The fact that these released documents are presumed to be accurate because of their sources made them devastating weapons against U.S. government and Democratic Party targets. As author Anurag Shourie said, “A half-truth is even more dangerous than a lie. A lie, you can detect at some stage, but half a truth is sure to mislead you for long.”
Targeting the weakest link
Those motivations – both, direct financial advantage or use in disinformation campaigns – depend largely on the same strategy: deceiving someone to perform an action at their disadvantage. In the cyber world, we refer to those actions as social engineering. Phishing, as just one of social engineering techniques, can be linked to 91 percent of cyberattacks that resulted in a data breach according to a Cofense report.
That’s because social engineering targets the weakest link in cybersecurity defenses: the humans. Whereas digital systems operate on predictable and unchanging programming that can be securely encrypted, humans possess too many variables in their thoughts, emotions and actions to allow for airtight security of them. It takes only one individual whose gullibility, doubt or fears can be exploited for an attacker to compromise even the most robust cybersecurity protections.
Highly targeted spear-phishing
Even more successful than phishing is its highly-targeted form of spear-phishing in use when attackers seek specific targets. This form has been greatly aided by the wealth of personal information available on social media, but it has required a tremendous amount of skilled labor and time to achieve its goals until now. This form requires attackers to first identify high-value targets and then perform extensive research on these targets’ social and professional networks before the attacker can create messages with enough details for them to “ring true” for the recipient.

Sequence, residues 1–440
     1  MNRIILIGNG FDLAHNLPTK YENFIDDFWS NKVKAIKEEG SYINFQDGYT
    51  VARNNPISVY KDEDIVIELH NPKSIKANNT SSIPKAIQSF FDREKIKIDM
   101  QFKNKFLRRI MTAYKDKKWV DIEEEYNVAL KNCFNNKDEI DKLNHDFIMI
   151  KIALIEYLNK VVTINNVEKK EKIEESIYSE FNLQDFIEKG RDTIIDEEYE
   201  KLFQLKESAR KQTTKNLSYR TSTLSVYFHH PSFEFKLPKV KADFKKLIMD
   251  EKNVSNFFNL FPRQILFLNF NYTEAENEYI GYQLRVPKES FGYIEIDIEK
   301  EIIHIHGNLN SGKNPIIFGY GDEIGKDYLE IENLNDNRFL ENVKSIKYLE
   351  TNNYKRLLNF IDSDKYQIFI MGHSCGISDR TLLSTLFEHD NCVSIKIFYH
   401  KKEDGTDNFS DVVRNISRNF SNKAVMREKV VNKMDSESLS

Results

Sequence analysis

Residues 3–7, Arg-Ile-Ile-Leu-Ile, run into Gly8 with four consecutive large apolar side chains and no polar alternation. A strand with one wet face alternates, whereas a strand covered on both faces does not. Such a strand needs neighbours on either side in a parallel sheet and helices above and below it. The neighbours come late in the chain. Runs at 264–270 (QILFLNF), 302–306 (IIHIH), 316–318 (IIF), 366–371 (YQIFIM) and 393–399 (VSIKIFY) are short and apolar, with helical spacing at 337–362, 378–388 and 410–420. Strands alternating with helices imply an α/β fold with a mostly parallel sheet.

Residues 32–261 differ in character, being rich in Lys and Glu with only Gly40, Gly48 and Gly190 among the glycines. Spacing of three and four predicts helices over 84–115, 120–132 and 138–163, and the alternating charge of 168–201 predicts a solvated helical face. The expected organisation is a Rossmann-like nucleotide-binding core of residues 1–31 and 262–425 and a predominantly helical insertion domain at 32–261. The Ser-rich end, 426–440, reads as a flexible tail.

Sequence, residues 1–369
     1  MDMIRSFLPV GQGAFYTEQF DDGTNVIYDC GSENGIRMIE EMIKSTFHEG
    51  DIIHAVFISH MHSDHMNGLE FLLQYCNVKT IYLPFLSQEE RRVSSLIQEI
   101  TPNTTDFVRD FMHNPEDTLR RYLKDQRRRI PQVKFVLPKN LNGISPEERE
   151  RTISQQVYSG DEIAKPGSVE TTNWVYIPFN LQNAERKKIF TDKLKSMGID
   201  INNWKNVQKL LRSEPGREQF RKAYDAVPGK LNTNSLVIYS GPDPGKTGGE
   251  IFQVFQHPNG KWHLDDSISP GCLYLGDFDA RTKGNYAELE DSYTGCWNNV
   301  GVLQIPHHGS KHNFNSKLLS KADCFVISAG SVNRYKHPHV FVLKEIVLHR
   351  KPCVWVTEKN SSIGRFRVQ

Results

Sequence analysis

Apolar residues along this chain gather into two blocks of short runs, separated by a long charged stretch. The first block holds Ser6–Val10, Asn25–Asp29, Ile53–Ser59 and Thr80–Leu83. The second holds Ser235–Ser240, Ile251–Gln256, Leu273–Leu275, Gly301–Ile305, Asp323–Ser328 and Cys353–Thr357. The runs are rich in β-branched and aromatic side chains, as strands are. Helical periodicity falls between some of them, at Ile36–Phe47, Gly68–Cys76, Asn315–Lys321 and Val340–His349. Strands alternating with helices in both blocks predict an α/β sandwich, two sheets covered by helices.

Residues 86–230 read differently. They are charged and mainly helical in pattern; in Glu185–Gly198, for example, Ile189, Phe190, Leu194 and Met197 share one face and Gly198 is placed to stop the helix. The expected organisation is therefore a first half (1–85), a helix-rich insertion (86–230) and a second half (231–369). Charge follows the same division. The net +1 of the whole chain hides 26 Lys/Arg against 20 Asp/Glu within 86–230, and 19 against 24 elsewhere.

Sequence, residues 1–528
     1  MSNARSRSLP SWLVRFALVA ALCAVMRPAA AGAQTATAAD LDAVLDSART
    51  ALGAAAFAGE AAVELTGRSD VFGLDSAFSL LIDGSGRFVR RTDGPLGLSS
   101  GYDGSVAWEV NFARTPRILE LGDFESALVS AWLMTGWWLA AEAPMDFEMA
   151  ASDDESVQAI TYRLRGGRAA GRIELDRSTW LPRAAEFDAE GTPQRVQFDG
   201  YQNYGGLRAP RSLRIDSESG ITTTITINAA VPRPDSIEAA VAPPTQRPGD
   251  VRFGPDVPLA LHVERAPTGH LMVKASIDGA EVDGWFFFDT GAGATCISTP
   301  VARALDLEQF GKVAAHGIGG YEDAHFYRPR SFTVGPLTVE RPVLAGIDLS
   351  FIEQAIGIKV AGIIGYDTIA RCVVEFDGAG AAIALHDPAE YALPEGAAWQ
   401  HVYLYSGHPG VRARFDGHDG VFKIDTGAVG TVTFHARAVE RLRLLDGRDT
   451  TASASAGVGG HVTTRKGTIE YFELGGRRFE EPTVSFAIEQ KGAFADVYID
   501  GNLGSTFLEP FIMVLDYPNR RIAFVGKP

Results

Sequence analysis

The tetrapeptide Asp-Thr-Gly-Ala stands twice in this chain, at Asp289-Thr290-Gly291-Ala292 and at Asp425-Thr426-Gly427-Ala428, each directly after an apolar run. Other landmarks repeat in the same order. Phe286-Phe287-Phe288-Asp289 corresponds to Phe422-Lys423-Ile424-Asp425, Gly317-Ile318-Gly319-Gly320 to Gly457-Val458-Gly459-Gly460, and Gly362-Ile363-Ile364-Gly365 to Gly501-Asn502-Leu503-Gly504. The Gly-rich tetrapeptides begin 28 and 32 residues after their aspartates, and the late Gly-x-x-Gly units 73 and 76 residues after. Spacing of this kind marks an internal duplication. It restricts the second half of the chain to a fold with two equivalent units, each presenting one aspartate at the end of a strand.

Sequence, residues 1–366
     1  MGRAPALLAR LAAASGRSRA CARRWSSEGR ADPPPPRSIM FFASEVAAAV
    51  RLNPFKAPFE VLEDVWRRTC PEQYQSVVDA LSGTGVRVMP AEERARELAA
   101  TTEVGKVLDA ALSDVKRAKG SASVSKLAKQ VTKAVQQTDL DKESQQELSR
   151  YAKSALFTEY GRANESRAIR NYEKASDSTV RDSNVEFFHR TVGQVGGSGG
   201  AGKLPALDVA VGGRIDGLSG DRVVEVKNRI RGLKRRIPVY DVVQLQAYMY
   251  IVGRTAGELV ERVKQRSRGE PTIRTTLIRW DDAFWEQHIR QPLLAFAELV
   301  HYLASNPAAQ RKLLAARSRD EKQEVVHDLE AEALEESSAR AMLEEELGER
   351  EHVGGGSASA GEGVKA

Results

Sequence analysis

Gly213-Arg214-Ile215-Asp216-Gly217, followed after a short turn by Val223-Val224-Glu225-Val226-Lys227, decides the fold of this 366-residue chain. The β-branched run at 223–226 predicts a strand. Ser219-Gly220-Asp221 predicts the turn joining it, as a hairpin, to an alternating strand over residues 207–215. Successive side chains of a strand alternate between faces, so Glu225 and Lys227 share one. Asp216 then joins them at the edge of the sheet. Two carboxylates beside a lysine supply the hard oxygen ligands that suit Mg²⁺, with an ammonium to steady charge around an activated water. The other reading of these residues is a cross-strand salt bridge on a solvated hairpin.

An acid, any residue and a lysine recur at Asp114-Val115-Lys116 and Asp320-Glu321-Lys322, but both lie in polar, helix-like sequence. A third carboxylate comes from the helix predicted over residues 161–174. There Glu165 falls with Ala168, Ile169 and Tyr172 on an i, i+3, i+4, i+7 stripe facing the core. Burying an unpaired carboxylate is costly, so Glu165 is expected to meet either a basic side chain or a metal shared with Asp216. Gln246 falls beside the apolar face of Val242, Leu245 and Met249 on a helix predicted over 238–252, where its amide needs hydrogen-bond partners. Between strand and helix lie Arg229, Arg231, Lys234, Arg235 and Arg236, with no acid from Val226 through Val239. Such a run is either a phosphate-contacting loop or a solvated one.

Such attacks are used when specific high-value information is desired. It has been used to obtain proprietary information from top executives of a competitor, for blackmail or for public release to discredit a political opponent.
Malicious information acquisition aided by AI
AI is already making it easier for attackers to gather and collate detailed information about targeted individuals by gathering information from their social and professional networks. This greatly reduces the amount of skills and time needed by attackers to accomplish more sophisticated kind of attack.
AI can differentiate and even learn to emulate individuals’ writing style. It can learn to assess the value of other potential targets in the communication networks of individuals whose devices have been compromised. With long-term monitoring of compromised accounts and machine learning as AI-aided tools assess compromised accounts, such highly targeted spear-phishing could become increasingly common among attackers who are seeking access to specific information.
Today’s sophisticated attacks could grow even more sophisticated. Whereas Russian hackers targeted Clinton and Podesta in the 2016 U.S. presidential election, future such attacks could be more expansive in their targeting. AI could give them far more opportunity to target far more functionaries and even families of top officials, exploiting a multitude of holes that could give an attacker a wealth of damaging information to exploit. Most worryingly, AI could keep learning and adapting so that it makes subsequent attacks more effective.
Cybersecurity role in addressing weaponization of information acquisition
While the discussion is focused on the threats to democracy, this is yet another scenario where corporate cyber protection interests align with society’s. We, cybersecurity professionals, have to start proactively addressing these threats for both reasons – protecting information under our control, and supporting the defense of our society. Few approaches to consider:
- Phishing awareness and testing has to evolve. We cannot be satisfied by simply reducing our organization’s click through rates to basic phishing emails. We have to start building the level of critical thinking and awareness that would be able to resist well crafted spear-phishing communication. For example, teach our users that if they didn’t expect to be sent an attachment or a link, they should verify with the purported sender whether they actually sent that email.
- In addition to phishing awareness, we should consider providing elicitation awareness training that can help our users detect elicitation and social engineering attacks through any channel.